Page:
Friday, February 14, 2014

NO ALLIGATORS IN SIGHT by Kirsten B. Feldman

by Kirsten B. Feldman

In this coming of age novel, Lettie and Bert squeak by in a tiny town on Cape Cod, one parent an alcoholic and the other absent. After a string of bad decisions on Lettie’s part, their father ships them to their barely remembered mother for the summer, where they will learn hard lessons about themselves, their family, and their future by way of the Florida swamp. Throughout Lettie keeps her biting humor flowing, her razor-sharp pen at the ready, and her eye on her quest for a “normal” life.

“So. Let’s get started.” He squinted up at the sun, just approaching its height. “We’ve got a good eight to nine hours before it gets dark. Plan is to bushwhack our way around the island, look for the best spot to cut through to the center, and make a site for the tents and the latrine.” He reached into one of the moldy canvas bags he’d brought and pulled out four big knives with curved blades. He slung the bag over his head and behind his back.

“Know what these are?”

“Cool! Swords!” Bert was already reaching for one.

I had seen them in the army/navy store in Provincetown. I didn’t know anyone actually used them, I thought they were more sort of decorative, or if you were a veteran remembering your days in Nam. “You’re giving an eight-year-old a machete. Isn’t there some law against that, child labor or something?”

“Now you’re a joker, huh? You need to work on your delivery.”

“Seriously, he can’t use that thing. He’ll cut off his leg.”

“Yes, I can, I can. See?” Bert grabbed for a machete and then swung wildly to cut down a mass of green growth. I didn’t know what it was; all the plants were different down here and grew bigger overnight. I’d seen in the paper that some of the vines in Key West were so strong they pulled down telephone lines.

“No blood, huh? All set then. We’ll go this way,” he put his leash hand on Gertrude’s shoulder, “and you two go that way. We’ll meet at that big tree in a couple hours, report our progress.” He waved vaguely at the great trees that crowded the central part of the island (like the whole island wasn’t covered in trees). “And you better have made some.”

He put one of the big duffels over his other shoulder.

“You look out for Bert, okay, Leticia?” Gertrude quavered. “Like I ever do anything else,” I muttered. “And don’t worry about me or anything. I’m all set for Jungleland here, plenty of preparation.”

“Clearly her mouth is her best weapon. Let’s go, True. Time’s a waitin’,” and then they were off. She didn’t even look back.

“Wasting, you idiot.”



“Is he serious?”


~Add it on Goodreads, and check out the book’s Pinterest.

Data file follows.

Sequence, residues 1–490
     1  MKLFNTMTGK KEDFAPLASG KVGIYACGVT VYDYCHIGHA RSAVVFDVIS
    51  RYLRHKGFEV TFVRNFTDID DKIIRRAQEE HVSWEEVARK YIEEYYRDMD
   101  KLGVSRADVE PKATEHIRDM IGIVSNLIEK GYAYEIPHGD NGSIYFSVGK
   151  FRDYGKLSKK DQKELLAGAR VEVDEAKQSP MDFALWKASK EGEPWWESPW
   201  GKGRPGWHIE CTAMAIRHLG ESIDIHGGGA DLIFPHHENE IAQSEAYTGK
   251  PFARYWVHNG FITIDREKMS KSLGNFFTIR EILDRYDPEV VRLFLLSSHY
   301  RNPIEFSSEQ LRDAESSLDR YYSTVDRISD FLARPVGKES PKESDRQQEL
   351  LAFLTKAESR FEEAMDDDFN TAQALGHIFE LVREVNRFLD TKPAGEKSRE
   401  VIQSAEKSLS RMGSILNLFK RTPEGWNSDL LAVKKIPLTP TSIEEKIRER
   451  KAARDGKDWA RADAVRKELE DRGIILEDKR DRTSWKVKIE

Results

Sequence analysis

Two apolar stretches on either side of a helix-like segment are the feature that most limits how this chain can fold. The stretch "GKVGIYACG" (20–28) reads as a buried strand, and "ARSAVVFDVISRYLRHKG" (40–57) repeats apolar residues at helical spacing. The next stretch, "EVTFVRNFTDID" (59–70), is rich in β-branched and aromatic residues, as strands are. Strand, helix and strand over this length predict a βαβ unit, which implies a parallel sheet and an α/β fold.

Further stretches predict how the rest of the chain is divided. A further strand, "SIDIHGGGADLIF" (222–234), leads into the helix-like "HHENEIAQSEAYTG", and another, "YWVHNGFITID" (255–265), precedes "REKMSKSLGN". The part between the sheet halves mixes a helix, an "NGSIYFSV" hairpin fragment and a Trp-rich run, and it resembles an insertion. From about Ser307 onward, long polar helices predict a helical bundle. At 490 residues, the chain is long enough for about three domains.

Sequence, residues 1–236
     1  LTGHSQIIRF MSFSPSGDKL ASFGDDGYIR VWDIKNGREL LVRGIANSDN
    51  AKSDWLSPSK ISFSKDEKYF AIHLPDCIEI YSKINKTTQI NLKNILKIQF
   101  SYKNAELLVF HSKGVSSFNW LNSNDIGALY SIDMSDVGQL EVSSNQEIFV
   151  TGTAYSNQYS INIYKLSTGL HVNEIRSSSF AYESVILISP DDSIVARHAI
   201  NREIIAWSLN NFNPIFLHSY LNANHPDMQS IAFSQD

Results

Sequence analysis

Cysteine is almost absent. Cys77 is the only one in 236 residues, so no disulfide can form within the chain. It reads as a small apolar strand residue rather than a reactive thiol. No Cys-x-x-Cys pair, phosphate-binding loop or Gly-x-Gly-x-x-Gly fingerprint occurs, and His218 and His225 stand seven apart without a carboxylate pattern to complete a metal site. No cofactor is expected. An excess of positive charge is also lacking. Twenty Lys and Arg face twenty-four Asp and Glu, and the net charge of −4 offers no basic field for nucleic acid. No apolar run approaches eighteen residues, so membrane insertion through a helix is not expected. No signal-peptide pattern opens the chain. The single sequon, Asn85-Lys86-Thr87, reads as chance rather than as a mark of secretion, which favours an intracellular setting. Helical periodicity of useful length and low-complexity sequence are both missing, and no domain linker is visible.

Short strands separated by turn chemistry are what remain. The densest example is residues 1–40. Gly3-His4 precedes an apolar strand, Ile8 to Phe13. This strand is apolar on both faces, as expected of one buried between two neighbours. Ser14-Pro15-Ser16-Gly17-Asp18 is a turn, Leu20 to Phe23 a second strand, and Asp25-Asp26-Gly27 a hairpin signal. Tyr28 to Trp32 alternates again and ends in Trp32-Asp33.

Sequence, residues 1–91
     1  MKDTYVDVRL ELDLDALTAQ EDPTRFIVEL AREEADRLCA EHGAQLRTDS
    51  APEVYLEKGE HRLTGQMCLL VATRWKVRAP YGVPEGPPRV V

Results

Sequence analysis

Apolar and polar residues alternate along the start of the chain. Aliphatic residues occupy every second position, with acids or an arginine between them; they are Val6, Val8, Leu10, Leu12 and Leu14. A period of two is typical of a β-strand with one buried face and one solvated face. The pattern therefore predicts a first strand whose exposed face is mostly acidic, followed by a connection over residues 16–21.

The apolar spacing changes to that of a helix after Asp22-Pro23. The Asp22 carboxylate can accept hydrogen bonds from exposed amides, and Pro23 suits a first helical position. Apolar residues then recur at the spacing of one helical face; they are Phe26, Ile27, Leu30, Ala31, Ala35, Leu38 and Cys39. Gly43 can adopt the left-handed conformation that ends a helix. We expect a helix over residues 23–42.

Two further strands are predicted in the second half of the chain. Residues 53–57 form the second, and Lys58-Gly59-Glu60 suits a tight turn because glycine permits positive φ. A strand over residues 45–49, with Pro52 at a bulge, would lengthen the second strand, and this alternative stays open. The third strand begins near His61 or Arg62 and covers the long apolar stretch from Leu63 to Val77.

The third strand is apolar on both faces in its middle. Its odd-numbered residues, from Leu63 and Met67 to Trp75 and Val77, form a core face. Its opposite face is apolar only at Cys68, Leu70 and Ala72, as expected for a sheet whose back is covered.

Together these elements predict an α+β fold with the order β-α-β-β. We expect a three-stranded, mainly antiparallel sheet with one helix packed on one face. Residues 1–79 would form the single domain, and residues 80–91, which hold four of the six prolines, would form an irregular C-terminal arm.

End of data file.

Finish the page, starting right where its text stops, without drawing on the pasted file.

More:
-What inspired you to become a writer?

As I have been writing something (stories, poems, essays, journals) for as long as I can remember, I wouldn’t say I became a writer: I just was. I would like to credit my many fine teachers and professors for encouraging and helping develop my love of writing and of books.

-What draws you to ya?

I read a wide variety of genres, but the adolescent voice speaks most appealingly to me. I can only hope that the teen voices that I write speak as clearly to other readers!

-What’s a fun fact you learned researching this book?

How to get away from a menacing alligator, of course (but you’ll have to read the book to find out how for yourself)!

-Which of your characters would you go out for drinks and/or pizza with?

I’d like to go out for the dairy- and alcohol-free equivalent of pizza and beers with Orlando because he seems as if he has more stories to tell.

-For aspiring writers, any tips?

Read. Read widely and deeply. Read books in your comfort zone and ones far outside of it. Write every day, even it’s just a little bit, because anything that you practice regularly, you improve at it.

-Is there a genre you could never write? Which and why?

Hands down, I could never write horror, because I am the biggest fraidy-cat in town. I hid under the seat the time I tried to watch a Stephen King movie, even after I’d somehow made it through Carrie without jumping out of my skin!


I grew up on Cape Cod and the Connecticut shoreline and now live outside of Boston, much too far from the ocean and the sand. Reading and writing have played a central part in my life both personally and professionally. I am rarely without a book in my hand. To me the adolescent voice has such vibrancy and depth to it, whether funny or not; many of my favorite books have this point of view.

Visit Kirsten’s blog, and connect with her on Facebook.


To win a free e-book of No Alligators in Sight, go to Goodreads, follow Kirsten's reviews, and then add the book to your To-Be-Read shelf. Five lucky winners will be chosen at random from entries dated between February 14 and 28. The author requests that if you win you post a review after you finish reading.

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